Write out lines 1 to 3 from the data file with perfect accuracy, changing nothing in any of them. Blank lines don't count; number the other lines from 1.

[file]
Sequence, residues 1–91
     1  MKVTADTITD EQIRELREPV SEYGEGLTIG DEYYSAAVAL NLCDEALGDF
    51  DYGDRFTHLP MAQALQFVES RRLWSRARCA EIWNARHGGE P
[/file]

Sequence, residues 1–91
     1  MKVTADTITD EQIRELREPV SEYGEGLTIG DEYYSAAVAL NLCDEALGDF
    51  DYGDRFTHLP MAQALQFVES RRLWSRARCA EIWNARHGGE P